Peace Prize politics

Opinion by Mina Shah
Oct. 17, 2016, 12:30 a.m.

Last week, the Nobel Peace Prize was awarded to Colombia’s president, Juan Manuel Santos, just a few days after a defeat of his attempt to strike a peace deal with the Revolutionary Armed Forces of Colombia (FARC), a leftist group that has caused a lot of violence in the country. The referendum had failed with 50.2% of voters rejecting the deal in an unexpected turn of events, meaning that, at the time that the prize was awarded, Colombia had (for the time being) lost out on a huge chance for greater relative peace.

Despite this, President Santos won the Peace Prize alone for his efforts to push the deal through.

While understanding that President Santos’s desire to bring peace to the world and his efforts to get the accord passed are important and ought to be lauded, it remains unclear whether he ought to be given the Nobel as a result of his work. Additionally, with the context in which the committee awarded President Santos the prize, it is unclear exactly why he received the award.

In theory, the Nobel Peace Prize measures accomplishments and gains toward a more peaceful world. And at the time the prize was awarded, President Santos had failed in a considerable way to bring about greater peace to the world. This is not to say that efforts to bring about peace shouldn’t be acknowledged, because they certainly should. On the other hand, efforts are not results, and conflict in Colombia has been going on for almost 70 years (I cite La Violencia as the beginning of the conflict period). Further, there are plenty of other people and groups in the world this past year that have actually made considerable strides for a more peaceful and just world. These include groups fighting for an end to violence against trans-folks, participants in the protests against the Dakota Access Pipeline and all those continuing to work for the end of police brutality against Black and Brown folks.

Further, there is no reason, necessarily, that the prize ought to have been given to President Santos alone. It is possible for the prize to be given to multiple people in a single year, and the impact of giving the prize to President Santos by himself was that global attention turned more specifically toward the relationship between the general public, the government and FARC in Colombia, which could have put undue pressure to push through a referendum that the majority of people in Colombia did not want. Had the prize been given to multiple actors, the attention on Colombia’s current political climate would have been diluted, due to the fact that some attention would necessarily go to the landscapes around the other awardees. As a result, there would have been less international pressure on Colombia to move politically in one direction or another with regard to these accords.

The other impact of giving the prize to President Santos alone, if we accept that the situation in Colombia warrants a Nobel, is that the leaders of FARC, who are also actively participating in the negotiation process in order to come to a peace agreement, get completely ignored. They become marginalized from conversations about where this potential for peace comes from.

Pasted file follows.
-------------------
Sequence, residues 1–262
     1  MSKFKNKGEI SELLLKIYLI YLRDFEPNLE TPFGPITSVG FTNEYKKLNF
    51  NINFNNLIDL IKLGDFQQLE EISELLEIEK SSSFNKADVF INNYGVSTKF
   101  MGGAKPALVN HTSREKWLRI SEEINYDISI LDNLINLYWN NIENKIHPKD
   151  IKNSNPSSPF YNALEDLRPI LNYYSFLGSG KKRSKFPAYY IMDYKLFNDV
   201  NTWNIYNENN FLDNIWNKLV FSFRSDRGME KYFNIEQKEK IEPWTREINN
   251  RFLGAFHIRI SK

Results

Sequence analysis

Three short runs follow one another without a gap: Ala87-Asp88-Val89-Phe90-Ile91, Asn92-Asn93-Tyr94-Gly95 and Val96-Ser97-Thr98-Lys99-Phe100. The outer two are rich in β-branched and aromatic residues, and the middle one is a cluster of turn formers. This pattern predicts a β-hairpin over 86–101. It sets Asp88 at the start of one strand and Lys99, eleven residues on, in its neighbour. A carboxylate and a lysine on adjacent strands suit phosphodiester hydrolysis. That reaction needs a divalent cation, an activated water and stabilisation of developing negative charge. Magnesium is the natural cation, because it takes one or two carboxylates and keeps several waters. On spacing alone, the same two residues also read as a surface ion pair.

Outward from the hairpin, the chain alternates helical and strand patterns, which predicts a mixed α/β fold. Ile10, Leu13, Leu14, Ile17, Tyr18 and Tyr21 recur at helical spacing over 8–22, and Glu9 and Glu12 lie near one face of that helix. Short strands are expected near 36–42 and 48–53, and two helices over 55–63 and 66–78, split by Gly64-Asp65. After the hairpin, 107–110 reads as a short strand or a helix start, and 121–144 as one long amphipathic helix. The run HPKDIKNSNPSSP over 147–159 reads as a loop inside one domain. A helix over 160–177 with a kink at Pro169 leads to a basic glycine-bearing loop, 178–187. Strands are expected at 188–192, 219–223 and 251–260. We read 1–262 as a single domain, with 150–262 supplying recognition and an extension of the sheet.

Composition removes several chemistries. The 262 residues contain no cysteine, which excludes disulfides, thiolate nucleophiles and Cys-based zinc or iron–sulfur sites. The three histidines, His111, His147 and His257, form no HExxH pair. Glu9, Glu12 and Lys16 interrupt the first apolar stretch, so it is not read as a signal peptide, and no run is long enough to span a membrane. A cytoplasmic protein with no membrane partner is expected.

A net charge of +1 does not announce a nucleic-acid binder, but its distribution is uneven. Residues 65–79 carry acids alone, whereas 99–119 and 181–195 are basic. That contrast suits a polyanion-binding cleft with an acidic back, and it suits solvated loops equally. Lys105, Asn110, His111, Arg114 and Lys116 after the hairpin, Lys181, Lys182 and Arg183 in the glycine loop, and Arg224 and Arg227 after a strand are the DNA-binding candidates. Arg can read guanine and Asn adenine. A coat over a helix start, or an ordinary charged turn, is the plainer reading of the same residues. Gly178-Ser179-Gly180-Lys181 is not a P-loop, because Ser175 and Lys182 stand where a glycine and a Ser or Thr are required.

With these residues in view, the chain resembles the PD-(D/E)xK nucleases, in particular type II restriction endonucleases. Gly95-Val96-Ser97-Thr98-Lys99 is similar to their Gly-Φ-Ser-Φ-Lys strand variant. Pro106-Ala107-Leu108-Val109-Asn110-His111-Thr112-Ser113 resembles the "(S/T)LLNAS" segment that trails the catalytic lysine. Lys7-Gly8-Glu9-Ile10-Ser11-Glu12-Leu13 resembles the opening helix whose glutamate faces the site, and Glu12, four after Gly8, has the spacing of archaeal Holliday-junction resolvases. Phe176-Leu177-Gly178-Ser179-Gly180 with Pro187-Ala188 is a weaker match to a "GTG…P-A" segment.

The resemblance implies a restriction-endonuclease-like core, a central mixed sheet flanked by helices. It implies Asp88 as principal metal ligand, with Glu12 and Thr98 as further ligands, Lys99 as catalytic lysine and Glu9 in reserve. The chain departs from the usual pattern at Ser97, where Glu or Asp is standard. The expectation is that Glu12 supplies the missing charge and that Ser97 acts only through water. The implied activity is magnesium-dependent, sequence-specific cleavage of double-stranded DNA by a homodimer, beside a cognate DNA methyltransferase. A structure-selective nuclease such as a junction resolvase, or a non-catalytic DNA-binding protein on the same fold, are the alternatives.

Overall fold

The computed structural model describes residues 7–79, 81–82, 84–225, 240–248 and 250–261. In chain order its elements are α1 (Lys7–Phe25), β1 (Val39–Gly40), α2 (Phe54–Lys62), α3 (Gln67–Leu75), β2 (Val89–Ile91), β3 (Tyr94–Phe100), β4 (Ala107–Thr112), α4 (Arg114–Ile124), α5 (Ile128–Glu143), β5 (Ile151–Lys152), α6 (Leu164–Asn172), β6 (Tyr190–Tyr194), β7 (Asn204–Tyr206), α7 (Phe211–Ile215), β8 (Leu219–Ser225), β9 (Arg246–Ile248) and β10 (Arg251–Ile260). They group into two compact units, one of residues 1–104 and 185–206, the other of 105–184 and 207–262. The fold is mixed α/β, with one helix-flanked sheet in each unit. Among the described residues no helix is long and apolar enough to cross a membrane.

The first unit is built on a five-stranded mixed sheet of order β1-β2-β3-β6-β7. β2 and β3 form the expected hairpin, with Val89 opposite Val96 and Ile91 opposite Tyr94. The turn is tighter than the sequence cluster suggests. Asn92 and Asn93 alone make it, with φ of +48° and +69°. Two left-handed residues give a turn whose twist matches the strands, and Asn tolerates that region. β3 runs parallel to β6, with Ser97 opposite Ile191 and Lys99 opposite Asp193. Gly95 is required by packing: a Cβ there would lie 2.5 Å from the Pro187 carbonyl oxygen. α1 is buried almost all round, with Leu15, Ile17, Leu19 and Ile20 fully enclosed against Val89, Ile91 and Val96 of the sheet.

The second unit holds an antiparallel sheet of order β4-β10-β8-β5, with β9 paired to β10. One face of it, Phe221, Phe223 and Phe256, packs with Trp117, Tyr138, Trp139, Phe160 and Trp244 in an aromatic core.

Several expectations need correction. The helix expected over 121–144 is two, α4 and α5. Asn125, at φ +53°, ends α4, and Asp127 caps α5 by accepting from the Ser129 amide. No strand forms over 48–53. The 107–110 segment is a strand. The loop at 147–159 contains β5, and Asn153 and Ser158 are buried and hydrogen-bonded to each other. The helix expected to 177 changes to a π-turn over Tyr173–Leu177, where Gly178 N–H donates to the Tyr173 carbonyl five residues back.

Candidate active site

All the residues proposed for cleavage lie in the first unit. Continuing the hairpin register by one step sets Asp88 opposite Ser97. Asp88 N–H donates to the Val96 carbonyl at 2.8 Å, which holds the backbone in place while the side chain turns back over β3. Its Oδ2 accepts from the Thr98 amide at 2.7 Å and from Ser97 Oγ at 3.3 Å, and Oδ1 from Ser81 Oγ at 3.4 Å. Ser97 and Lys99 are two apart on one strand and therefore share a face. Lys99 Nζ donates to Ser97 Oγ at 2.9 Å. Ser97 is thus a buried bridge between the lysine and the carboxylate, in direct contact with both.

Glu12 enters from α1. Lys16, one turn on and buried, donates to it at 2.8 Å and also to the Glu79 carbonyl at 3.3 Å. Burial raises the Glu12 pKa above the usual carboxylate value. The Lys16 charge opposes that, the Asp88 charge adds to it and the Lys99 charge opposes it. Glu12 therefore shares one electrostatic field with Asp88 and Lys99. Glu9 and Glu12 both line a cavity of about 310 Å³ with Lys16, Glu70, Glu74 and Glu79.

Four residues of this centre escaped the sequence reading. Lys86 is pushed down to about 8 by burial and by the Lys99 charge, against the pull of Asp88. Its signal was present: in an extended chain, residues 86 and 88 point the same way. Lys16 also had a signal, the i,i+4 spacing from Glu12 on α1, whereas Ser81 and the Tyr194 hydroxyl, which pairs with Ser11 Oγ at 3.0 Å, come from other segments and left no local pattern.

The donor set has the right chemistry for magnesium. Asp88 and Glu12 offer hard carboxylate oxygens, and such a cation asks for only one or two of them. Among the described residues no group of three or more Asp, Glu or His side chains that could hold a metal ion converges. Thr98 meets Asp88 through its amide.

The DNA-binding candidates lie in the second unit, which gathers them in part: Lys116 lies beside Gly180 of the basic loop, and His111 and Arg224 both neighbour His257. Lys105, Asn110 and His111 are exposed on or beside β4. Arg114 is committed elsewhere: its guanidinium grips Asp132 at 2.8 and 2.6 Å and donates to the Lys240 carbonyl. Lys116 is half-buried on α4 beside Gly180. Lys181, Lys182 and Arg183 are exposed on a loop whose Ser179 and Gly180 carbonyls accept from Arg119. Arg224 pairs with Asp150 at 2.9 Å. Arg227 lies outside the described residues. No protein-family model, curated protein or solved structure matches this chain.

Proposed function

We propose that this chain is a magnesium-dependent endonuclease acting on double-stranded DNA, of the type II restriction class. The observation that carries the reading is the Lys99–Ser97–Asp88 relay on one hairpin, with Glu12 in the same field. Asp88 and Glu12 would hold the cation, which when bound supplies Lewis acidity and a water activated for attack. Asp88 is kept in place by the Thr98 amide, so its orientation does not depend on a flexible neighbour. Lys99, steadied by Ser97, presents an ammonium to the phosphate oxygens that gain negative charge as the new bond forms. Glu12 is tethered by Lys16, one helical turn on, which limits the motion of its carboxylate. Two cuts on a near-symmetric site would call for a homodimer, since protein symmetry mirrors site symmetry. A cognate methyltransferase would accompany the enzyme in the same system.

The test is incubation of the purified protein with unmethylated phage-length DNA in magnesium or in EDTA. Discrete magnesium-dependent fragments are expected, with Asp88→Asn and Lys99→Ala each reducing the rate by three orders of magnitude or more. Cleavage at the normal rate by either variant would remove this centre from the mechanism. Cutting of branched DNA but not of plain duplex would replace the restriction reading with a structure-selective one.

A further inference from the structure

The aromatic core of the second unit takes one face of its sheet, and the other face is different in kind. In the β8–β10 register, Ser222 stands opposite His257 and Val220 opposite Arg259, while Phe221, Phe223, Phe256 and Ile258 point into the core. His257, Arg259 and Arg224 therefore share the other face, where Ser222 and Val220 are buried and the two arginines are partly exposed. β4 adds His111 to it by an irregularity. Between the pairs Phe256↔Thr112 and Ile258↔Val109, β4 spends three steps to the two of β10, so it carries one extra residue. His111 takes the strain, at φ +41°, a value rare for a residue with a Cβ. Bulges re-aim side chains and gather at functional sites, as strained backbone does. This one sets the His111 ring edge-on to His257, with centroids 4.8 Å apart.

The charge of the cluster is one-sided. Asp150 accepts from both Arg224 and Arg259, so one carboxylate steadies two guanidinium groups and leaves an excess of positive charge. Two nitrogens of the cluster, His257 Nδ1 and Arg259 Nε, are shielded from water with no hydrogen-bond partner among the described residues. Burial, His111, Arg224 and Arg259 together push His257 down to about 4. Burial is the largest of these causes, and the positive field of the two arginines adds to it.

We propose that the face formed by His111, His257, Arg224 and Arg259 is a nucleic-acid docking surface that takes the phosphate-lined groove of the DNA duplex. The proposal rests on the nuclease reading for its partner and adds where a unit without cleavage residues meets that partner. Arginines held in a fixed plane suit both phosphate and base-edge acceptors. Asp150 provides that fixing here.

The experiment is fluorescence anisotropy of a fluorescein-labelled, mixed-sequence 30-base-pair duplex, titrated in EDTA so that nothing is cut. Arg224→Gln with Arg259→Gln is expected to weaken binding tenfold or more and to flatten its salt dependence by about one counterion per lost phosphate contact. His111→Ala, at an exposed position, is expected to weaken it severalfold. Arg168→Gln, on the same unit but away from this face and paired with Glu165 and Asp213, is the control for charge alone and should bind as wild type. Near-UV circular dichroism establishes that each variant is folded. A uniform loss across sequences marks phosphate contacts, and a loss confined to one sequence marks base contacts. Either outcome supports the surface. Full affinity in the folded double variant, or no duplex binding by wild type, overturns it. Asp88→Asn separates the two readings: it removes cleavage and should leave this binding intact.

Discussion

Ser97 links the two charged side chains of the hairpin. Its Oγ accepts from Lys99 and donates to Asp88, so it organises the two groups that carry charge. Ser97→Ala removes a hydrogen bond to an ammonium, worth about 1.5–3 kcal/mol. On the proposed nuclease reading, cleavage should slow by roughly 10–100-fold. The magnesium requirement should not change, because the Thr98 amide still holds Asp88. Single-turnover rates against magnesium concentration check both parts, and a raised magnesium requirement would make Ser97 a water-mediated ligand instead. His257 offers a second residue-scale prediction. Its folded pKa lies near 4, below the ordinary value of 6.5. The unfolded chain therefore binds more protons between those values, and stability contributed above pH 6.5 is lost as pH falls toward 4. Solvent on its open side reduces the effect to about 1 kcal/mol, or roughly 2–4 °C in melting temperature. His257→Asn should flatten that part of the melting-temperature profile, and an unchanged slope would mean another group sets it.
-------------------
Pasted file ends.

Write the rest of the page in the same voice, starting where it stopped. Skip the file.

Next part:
In addition, it is important to think about the way in which the awarding of this prize is in itself a political act that has real consequences in the world. Soon after the prize was announced, a shift in the conceptualization of the peace deal occurred in a way that made it more politically feasible to enact in-country. This is problematic if even part of the intent of the committee was to push this peace deal with FARC through by giving the prize to President Santos.

Just to clarify, I think that peace is an excellent thing and I am glad that the peace deal with FARC still has the possibility to go through. And the fact that President Santos plans to donate the money from the prize to the victims of the conflict is also a good thing. What I don’t think is necessarily appropriate is awarding this prize in order to further particular political agendas, especially if influence to pass the specific legislation is coming from outside of the space in which it will be enacted. The legislative follow-through toward peace related to conflict with FARC should come from within the country, and similarly, the agreement on the details of the accord should happen unmediated by the world’s desire for a tepid, artificially imposed calmness.

International organizations, including allegedly apolitical award committees, should absolutely not interfere in political situations that they will not have to live with and in and among. That is not their responsibility, at least if we truly believe in our highly espoused ideals of self-determination and freedom. It is the responsibility of the polity that composes the nation or space affected by such legislation or political possibility to act in the way they best see fit for their space. Moving forward, it will be important for international award committees to clarify their true intentions and give the Nobel Peace Prize to those who have made actual gains and not in an attempt to sway outcomes.


Contact Mina Shah at [email protected].

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